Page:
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Author Topic: Varnish (or not to)  (Read 5871 times)
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dodge
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« Reply #15 on: February 19, 2009, 04:06:24 PM »

You specifically want to spray in low humidity, so that your models stay not frosty.  Seriously.

I am more inclined to brush my varnish on. I keep hearing horror stories of failed attempts when spraying. Brush on seems safer. Huh?

I do both depending on time, spraying is ok as long as the tin hasn't beenhanging around for too long
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« Reply #16 on: February 19, 2009, 08:05:48 PM »

Better safe than sorry I'd say.

Not too long ago I was transporting about 150 FOW model vehicles from a show back to home. Quite unusual there weren't yet varnished (demo purposes you know) when  adoped up @#{#@ driver cut me off. Braking and swerving  for all I was worth,splitting a toenail in the process, I heard some 150 unvarnished, airbrushed vehicles smashing into each other. You don't want to have that happen to you.

Lord Nelson gloss varnish , intended for wooden ships, will protect them from a small nuclear detonation. Other brands may offer equal protection levels.

Afterwards spray on a good matte varnish, like for example the HMG one sold by Jules of Figures In Comfort. Quite matt and very strong.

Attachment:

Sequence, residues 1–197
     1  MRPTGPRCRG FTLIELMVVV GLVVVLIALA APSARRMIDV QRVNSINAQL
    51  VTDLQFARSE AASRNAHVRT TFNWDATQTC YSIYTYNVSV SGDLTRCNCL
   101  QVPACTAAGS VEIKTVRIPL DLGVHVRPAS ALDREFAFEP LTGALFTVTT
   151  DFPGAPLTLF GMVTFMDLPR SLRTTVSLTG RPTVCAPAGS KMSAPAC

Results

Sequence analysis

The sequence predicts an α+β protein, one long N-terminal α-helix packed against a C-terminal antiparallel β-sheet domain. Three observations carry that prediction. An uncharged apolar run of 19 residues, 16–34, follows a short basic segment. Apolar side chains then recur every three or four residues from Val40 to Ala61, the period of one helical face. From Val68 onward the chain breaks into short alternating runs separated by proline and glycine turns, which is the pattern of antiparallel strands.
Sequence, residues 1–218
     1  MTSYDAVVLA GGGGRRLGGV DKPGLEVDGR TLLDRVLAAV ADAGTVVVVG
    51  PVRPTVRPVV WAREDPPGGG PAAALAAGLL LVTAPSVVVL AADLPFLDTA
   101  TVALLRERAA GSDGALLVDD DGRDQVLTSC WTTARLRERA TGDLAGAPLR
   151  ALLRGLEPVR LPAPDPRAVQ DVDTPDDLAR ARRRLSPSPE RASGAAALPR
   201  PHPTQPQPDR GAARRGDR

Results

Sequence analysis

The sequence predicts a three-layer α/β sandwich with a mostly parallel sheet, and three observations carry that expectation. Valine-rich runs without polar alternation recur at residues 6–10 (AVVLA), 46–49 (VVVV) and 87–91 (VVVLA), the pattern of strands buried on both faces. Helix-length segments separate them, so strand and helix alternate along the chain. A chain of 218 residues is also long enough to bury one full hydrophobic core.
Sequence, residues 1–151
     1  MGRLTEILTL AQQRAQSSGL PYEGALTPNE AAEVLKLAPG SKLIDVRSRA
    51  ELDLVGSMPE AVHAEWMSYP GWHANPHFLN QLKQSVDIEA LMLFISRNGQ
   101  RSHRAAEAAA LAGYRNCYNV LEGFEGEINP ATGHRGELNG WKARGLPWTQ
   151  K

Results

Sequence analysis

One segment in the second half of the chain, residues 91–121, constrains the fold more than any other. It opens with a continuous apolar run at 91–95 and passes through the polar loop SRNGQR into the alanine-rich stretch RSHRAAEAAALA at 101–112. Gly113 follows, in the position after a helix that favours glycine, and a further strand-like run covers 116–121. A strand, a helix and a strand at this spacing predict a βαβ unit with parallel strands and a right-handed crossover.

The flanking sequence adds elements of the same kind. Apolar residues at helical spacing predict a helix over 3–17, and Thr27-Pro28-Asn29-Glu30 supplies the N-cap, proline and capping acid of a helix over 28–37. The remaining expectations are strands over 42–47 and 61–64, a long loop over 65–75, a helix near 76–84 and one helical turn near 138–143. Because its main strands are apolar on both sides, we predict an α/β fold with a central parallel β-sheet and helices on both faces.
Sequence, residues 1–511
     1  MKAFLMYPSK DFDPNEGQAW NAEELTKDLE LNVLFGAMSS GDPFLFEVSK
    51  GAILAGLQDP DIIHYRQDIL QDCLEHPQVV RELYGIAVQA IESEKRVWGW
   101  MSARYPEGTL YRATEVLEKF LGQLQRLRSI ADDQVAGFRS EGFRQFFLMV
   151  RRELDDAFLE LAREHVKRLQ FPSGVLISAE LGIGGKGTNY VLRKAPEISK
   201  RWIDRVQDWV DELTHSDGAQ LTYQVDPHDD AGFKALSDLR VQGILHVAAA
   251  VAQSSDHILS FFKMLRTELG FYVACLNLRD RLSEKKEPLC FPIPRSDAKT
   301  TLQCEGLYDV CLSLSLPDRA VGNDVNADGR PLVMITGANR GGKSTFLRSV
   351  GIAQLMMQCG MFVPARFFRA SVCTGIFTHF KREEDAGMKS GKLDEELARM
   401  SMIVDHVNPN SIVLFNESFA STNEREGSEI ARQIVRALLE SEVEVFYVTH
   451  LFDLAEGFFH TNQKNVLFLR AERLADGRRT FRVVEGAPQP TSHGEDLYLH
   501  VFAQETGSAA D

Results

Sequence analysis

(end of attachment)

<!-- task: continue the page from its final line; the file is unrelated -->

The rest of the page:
Testors Dullcoat is hailed as the next best thing to sex and sliced bread, but it isn't a varnish at all. It's a lacquer and a quite agressive one to boot. It may either protect or 'eat' your figures.







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« Reply #17 on: February 19, 2009, 09:06:15 PM »

Testors Dullcoat is hailed as the next best thing to sex and sliced bread, but it isn't a varnish at all. It's a lacquer and a quite agressive one to boot. It may either protect or 'eat' your figures.

Well, better than sliced bread anyway. Never had any problems with Dullcote at all. I do, however, following the recommendation of using it after gloss varnishing.
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Hammers
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« Reply #18 on: February 19, 2009, 11:17:14 PM »

Good miniature hygiene the Hammers way is to:

*wash and gently brush the miniature with detergent to remove oils and release agents

*prime the model in a purpose made paint, not too thickly, just enough to cover all nooks and crannies ( I use GW)

*when painted, spray with several thin layers of enamel or lacquer gloss coat (I use Vallejo and Testors)

*brush on a final layer of acrylic matt coat; retouch if necessary when dry (I use a local art shop brand which never seems to burst out in white spots)


This topic is resurrected ever so often but rather than hammering a stake through it I shall raise it to the pantheon of stickies. *waves the Staff of Moderation +20* Let it be so.
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« Reply #19 on: February 20, 2009, 12:30:51 AM »

If I may chime in, I´d suggest varnishing figures in any case. Choosing the suitable varnish depends on the type of model, I guess.